Monday, January 31, 2011

The tenure tally

My desk, a normally pristine area of functionality from which I derive much comfort, is currently covered in sticky notes and piles of manila folders. I feel a sense of exhaustion and frustration as the landscape of my brain is spilled out before me in brightly colored notes with exclamation points at the end of each reminder insisting I give it immediate attention: "IRB submission!" "Record 210.01 scores!" and "Follow-up emails after the conference!" I am struggling to conquer these tasks and they are, in fact, conquering me and my work space. I cannot recall a time when my work area looked this unorganized, nor can I ever think of a time when my semester was not thoroughly and diligently planned in advance.

This semester, however, I have been given an over-load course and have been placed on several hard-working accreditation committees. These duties have led to a somewhat frantic mental pace as the semester got under way. I normally can reign this in nicely with my slightly obsessive-compulsive excel spreadsheets, my day planner, and e-calendar alerts. This Monday my workspace has revolted and spilled outside of the carefully drawn excel grid lines resulting in a mess of bright pink, orange, and yellow stickies with thick black marker phrases that appear to be angrily shouting for my attention. They won't be pushed aside. Everything seems urgent.

So I am taking the next half an hour and doing a "tenure tally" for the semester ahead. This trick helped me in previous semesters (usually done before a term begins, it is certainly better implemented later than never or else I might forget what color my desk actually is under the obnoxiously boisterous notes). What is the tenure tally? It is a simple organizational activity that allows me to take stock of my To Do list, to determine what is a MUST item and what item can/should be pushed further down the list. How do I conduct a tenure tally? Well, at my institution it is straight forward. I use the faculty handbook section on tenure and points and use this as a way to examine which items deserve to stay on the list and in what order. If I can see that research is X points and I have a lighter publication output for the academic year, then perhaps I need to push up the research/data section of my list. If, however, I notice I have maxed out my conference points, then I should cut a conference and focus on research (or grant writing, etc.).

These are tough decisions, but let's face it...the life of a faculty member involves many duties and they will simply not all be done by one person if each item is deemed essential. Instead, we have to tally up our duties, structure them carefully around the goals we want to achieve, and learn to let some things go.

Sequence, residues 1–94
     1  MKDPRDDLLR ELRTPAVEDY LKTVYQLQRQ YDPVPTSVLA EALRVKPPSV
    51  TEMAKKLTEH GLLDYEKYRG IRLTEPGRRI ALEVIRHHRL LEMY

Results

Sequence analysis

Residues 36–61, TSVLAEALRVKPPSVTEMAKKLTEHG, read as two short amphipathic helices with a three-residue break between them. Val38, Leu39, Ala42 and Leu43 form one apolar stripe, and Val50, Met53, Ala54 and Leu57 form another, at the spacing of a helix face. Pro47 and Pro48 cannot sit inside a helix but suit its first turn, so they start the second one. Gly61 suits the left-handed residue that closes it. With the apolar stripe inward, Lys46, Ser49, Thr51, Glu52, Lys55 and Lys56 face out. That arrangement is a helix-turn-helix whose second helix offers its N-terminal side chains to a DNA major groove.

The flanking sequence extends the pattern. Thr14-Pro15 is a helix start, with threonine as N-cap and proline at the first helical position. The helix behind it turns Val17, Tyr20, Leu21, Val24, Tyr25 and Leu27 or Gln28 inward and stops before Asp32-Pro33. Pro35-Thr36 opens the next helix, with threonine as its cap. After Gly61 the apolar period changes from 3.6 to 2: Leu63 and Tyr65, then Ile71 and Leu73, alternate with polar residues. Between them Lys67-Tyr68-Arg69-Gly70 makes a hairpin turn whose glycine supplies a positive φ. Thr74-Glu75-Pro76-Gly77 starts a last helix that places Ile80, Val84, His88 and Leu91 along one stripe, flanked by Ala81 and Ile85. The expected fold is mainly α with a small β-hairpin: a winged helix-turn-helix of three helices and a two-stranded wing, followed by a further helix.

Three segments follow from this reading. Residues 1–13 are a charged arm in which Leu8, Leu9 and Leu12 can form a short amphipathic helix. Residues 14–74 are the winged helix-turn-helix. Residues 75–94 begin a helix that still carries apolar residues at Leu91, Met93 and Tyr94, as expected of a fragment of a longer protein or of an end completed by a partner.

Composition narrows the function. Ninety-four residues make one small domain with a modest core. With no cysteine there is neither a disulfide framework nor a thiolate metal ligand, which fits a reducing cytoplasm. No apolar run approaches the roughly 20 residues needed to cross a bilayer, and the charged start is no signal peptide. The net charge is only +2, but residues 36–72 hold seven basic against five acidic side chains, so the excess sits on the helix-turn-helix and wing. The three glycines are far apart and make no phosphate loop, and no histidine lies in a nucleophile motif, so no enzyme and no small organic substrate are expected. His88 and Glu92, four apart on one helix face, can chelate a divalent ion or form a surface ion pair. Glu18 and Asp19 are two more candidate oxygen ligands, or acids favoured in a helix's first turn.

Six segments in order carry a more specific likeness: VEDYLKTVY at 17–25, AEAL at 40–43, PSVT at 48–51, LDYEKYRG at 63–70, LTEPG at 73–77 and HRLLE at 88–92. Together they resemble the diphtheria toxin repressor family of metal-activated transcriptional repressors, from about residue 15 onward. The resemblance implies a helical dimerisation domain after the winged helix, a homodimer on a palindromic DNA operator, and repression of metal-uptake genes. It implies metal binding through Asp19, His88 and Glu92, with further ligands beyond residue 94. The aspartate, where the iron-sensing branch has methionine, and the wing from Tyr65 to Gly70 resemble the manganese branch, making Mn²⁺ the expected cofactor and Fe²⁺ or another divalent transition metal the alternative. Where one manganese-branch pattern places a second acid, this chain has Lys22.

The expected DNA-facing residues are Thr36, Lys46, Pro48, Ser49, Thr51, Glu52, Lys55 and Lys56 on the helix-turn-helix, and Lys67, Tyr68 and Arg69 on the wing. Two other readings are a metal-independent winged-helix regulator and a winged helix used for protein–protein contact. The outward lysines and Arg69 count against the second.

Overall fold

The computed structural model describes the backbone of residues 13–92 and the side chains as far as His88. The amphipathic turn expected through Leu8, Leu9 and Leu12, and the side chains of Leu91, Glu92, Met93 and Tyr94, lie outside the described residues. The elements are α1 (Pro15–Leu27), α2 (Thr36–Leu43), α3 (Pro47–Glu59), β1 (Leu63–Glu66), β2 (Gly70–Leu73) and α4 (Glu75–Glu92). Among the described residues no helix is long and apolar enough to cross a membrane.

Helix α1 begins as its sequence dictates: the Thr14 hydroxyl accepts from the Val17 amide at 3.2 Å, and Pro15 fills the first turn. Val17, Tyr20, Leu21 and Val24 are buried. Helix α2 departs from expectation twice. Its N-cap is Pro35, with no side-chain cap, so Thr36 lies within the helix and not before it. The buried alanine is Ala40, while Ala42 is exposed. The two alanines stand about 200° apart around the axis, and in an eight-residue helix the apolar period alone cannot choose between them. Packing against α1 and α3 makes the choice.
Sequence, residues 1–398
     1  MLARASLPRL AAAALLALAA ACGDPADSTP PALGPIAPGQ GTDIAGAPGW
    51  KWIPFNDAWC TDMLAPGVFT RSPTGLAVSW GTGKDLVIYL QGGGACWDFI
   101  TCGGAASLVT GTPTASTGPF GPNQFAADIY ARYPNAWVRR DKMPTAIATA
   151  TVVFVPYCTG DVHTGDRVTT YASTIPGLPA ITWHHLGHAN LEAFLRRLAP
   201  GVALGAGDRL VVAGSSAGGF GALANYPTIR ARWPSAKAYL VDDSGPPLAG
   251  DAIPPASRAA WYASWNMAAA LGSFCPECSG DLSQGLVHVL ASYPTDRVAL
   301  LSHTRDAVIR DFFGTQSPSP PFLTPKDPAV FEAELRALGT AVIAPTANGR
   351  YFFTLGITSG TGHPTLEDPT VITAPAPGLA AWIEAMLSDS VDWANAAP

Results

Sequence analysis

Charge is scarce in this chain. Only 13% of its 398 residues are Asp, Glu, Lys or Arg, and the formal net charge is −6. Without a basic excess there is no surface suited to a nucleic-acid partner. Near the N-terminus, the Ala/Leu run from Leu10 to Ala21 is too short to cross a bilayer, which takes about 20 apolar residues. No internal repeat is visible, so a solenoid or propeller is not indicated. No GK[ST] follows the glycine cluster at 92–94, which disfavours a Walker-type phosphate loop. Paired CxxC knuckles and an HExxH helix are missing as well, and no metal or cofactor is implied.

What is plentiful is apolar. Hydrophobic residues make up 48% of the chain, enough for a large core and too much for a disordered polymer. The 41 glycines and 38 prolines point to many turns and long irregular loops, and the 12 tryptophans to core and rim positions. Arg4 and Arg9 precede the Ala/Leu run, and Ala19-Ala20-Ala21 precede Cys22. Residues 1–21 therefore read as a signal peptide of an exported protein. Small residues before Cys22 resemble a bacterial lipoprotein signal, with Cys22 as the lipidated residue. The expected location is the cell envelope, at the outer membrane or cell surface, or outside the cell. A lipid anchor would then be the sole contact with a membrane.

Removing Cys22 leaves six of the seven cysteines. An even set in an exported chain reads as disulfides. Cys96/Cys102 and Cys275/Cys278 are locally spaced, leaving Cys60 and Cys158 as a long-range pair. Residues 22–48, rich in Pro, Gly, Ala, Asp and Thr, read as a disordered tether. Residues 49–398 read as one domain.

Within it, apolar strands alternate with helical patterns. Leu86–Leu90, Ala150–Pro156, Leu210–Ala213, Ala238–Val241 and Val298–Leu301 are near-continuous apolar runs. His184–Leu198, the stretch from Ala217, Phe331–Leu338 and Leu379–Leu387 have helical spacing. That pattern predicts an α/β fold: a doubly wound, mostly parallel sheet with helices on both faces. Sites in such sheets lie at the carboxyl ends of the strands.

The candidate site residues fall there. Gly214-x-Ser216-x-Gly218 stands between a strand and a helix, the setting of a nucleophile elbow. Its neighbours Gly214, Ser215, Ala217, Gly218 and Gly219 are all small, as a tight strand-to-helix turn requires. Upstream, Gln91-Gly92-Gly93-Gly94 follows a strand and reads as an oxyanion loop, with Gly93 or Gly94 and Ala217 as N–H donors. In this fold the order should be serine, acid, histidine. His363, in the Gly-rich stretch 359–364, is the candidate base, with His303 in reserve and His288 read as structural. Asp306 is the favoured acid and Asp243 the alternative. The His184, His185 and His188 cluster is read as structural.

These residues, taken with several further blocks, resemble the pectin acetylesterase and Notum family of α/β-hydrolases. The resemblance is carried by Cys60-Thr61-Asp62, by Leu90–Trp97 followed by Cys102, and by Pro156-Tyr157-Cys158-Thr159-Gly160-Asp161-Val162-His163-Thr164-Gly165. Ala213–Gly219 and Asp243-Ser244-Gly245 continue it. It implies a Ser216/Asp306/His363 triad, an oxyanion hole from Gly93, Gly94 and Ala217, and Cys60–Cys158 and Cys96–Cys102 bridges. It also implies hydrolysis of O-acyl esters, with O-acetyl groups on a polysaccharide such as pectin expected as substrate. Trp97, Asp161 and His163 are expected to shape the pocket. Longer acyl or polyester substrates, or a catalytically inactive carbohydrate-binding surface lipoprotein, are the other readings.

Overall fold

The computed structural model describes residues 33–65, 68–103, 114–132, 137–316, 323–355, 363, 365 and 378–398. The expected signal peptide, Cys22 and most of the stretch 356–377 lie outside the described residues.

The hardest lesson is admitting I cannot do everything and forgiving myself for not attending to each screaming sticky note, but in the end it is a an on-going lesson and I am continuing to try and master it as I navigate the pre-tenure waters.

Monday, January 24, 2011

The lingering student

The class has drawn to a close and our minds are switching from teacher-mode to the meeting in five minutes across campus and to the journal submission deadline when we look up to realize that there's still one student who is lingering. Slowly packing his/her bag, hanging back from the gaggle of students leaving the classroom, this student is always the last student to leave. It is the Lingering Student. He/She will use the time to listen to all of the other student-teacher discussion and then might walk with you, ask you questions, or just wait until you say something to him/her. How do I know about this lingering student? I was one.

I lingered to ALL of my professors in graduate school. I waited until they were alone to ask my questions or to get clarification at the end of the class. I sought out the time AFTER all of the other students left to address the teacher. I made excuses to be in the classroom long enough to be the last to leave. I was a Lingering Student (LS)!

As a teacher, I realize how easy it is to become impatient (and sometimes frustrated) with the lingering students of the world. Sometimes, I have to do a mental check and remind myself that the lingering student is simply engaging in a different comfort level when it comes to communication. After all, I was that LS once upon a time.

For example, as a LS, I wanted to ask for clarification when other students weren't around because I was embarrassed to NEED clarification. I did not want anyone thinking I didn't "get it" and so I would wait and ambush the teacher after class by slowly and painstakingly packing up binders, pens, and paper. Additionally, I felt awkward speaking a question in front of the larger class. I simply prefer one-on-one communication so I could ask follow up questions. Lastly, and perhaps the best part of the LS life, I could get a direct response from the professor -- one that was individually tailored to my specific project/paper. I wanted the time after the class to casually, but still educationally, engage with the teacher. I was a LS. In fact, just this moment I realize that I still tend to do this at some meetings, on some committees, and even at the gym after yoga class! It is my "comfort zone" for communication interactions and it looks like it hasn't changed much.

As our semester begins and we learn who our students are, how they engage, and most importantly how they choose to interact with us, I have uncovered I have several that are LS-prone again this term. I am making a special effort to extend communication that is meaningful in those few moments where the student is slowly packing up or hanging back from the rest of the group. This morning, the goal was to avoid waiting for the student to ask me a question. Instead, as the classroom emptied, I turned and made a comment about how the content we discussed would relate well to the State of the Union speech tomorrow and gently provided a way for the LS to launch the questions stored in her mind all class period long. It worked wonderfully.

The LS is not an inconvenience and is not an annoyance--it is an opportunity! Reaching the students in multiple ways -- both during and AFTER class is simply part of the job. From one former Lingering Student to the professors of the world out there: please take the time to engage with us. It can make a powerful difference.

Monday, January 17, 2011

Practicing and preparing for a new term

How do you prepare for a new term? I'm not referencing the syllabus revisions or the text book reviews--I mean the mental preparation for the time you spend in front of your student audience. Do you have rituals or practices you follow to begin teaching successfully each term?